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UN experts warn of associated torture and cruel punishment

World Day Against the Death Penalty

10 October 2022

GENEVA (10 October 2022) – On the 20th World Day Against the Death Penalty, the UN Special Rapporteur on Torture and Other Cruel, Inhuman, or Degrading Treatment or Punishment, Alice Edwards, and the Special Rapporteur on extra-judicial summary or arbitrary executions, Morris Tidball-Binz, issued the following statement, reflecting on the relationship between the death penalty and the absolute prohibition against torture and other cruel, inhuman or degrading treatment or punishment.

“Although the death penalty is permitted in very limited circumstances under international law, the reality remains that in practice it is almost impossible for States to impose capital punishment while meeting their obligations to respect the human rights of those convicted. Abolition of the death penalty is the only viable path.

The death row phenomenon has long been characterised as a form of inhuman treatment, as has the near total isolation of those convicted of capital crimes and often held in unlawful solitary confinement.

A number of states continue to impose the death penalty for non-violent crimes such as blasphemy, adultery and drug-related offences, which fail the “most serious crime” standard for the application of capital punishment under international law. A growing trend of imposing the death penalty on those exercising their right to peaceful political protest is deeply worrying.

Furthermore, increasingly methods of execution have been found to be incompatible with the obligations to refrain from torture and ill-treatment, for inflicting severe pain and suffering.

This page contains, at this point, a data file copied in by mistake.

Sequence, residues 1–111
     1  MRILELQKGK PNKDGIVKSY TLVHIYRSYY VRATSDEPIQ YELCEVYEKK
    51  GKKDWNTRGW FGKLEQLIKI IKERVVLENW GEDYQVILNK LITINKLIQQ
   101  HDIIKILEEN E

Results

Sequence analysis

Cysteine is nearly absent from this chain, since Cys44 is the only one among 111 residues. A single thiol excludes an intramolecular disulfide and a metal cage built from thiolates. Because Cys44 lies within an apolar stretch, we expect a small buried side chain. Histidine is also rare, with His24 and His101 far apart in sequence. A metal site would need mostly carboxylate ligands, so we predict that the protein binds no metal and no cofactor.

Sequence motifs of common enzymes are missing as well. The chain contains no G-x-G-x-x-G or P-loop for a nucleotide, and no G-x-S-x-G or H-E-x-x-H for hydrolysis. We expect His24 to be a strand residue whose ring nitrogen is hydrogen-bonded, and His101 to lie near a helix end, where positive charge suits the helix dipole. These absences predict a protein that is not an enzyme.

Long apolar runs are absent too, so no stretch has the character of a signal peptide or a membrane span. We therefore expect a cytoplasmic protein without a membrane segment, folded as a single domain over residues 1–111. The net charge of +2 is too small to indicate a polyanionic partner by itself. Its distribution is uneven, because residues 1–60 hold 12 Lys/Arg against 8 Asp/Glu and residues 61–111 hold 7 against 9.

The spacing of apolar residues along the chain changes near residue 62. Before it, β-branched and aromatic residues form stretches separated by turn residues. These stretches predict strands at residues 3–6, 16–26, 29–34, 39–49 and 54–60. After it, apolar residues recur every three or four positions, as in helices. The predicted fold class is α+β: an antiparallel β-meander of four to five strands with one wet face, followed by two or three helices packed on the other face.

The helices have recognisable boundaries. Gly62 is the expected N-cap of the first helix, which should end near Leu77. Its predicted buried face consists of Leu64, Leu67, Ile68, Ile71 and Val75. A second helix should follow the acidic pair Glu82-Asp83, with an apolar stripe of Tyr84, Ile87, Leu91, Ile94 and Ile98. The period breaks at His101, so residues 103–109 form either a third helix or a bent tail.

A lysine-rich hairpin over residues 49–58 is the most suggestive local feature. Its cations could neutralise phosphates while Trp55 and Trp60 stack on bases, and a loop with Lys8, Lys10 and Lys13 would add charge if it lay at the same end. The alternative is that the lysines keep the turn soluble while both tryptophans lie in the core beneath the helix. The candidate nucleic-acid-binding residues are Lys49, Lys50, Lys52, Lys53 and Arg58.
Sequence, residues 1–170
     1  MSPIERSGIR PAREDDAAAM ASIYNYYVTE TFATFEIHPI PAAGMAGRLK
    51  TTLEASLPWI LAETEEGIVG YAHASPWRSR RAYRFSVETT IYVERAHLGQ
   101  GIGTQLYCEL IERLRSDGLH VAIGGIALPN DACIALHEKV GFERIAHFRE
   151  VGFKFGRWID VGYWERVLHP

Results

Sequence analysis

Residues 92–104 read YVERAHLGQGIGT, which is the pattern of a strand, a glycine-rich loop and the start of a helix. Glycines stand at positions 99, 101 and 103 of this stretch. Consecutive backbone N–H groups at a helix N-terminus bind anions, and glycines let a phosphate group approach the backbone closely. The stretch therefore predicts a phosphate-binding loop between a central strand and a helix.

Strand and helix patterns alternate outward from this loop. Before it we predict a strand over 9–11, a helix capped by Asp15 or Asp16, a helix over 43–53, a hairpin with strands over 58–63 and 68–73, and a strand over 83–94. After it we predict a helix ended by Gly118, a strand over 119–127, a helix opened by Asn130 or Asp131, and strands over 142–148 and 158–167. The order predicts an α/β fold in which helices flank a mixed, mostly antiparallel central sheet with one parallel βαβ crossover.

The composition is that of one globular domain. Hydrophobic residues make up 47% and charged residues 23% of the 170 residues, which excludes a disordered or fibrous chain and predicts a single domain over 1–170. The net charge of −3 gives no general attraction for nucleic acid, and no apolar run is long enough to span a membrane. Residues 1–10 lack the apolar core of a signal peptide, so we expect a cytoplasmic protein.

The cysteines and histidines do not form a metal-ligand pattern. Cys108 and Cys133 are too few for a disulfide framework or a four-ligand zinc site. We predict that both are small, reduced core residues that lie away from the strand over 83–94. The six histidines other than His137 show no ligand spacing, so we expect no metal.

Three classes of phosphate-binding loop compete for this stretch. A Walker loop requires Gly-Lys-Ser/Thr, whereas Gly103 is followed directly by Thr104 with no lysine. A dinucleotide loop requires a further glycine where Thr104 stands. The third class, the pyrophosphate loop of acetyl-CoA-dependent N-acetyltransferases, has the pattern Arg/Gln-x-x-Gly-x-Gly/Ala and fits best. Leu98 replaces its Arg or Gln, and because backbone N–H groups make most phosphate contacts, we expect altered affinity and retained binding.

Despite more than 170 States having repealed the death penalty or adopted moratoriums, there was a reported 20 percent increase in the number of executions last year.

States that retain the death penalty are urged to scrupulously apply exceptions for persons with intellectual disabilities, pregnant women and children, as required by various instruments including article 6 of the International Covenant on Civil and Political Rights (ICCPR).

All States are invited to consider ratifying the Second Optional Protocol to the ICCPR aimed at abolition of the death penalty. The Protocol currently has 40 signatories and 90 States parties.”


*The experts: Dr. Alice Jill Edwards, Special Rapporteur on Torture and other Cruel, Inhuman or Degrading Treatment or Punishment, and Mr. Morris Tidball-Binz, Special Rapporteur on extrajudicial, summary or arbitrary executions.

Special Rapporteurs are part of what is known as the Special Procedures of the Human Rights Council. Special Procedures, the largest body of independent experts in the UN Human Rights system, is the general name of the Council’s independent fact-finding and monitoring mechanisms that address either specific country situations or thematic issues in all parts of the world. Special Procedures experts work on a voluntary basis; they are not UN staff and do not receive a salary for their work. They are independent from any government or organization and serve in their individual capacity.

For more information and media requests please contact: Yasmine Ashraf (+41 22 917 2059 / [email protected]).

For media inquiries related to other UN independent experts please contact: Renato Rosario de Souza ([email protected]) or Dharisha Indraguptha ([email protected])

Follow news related to the UN’s independent human rights experts on Twitter @UN_SPExperts.

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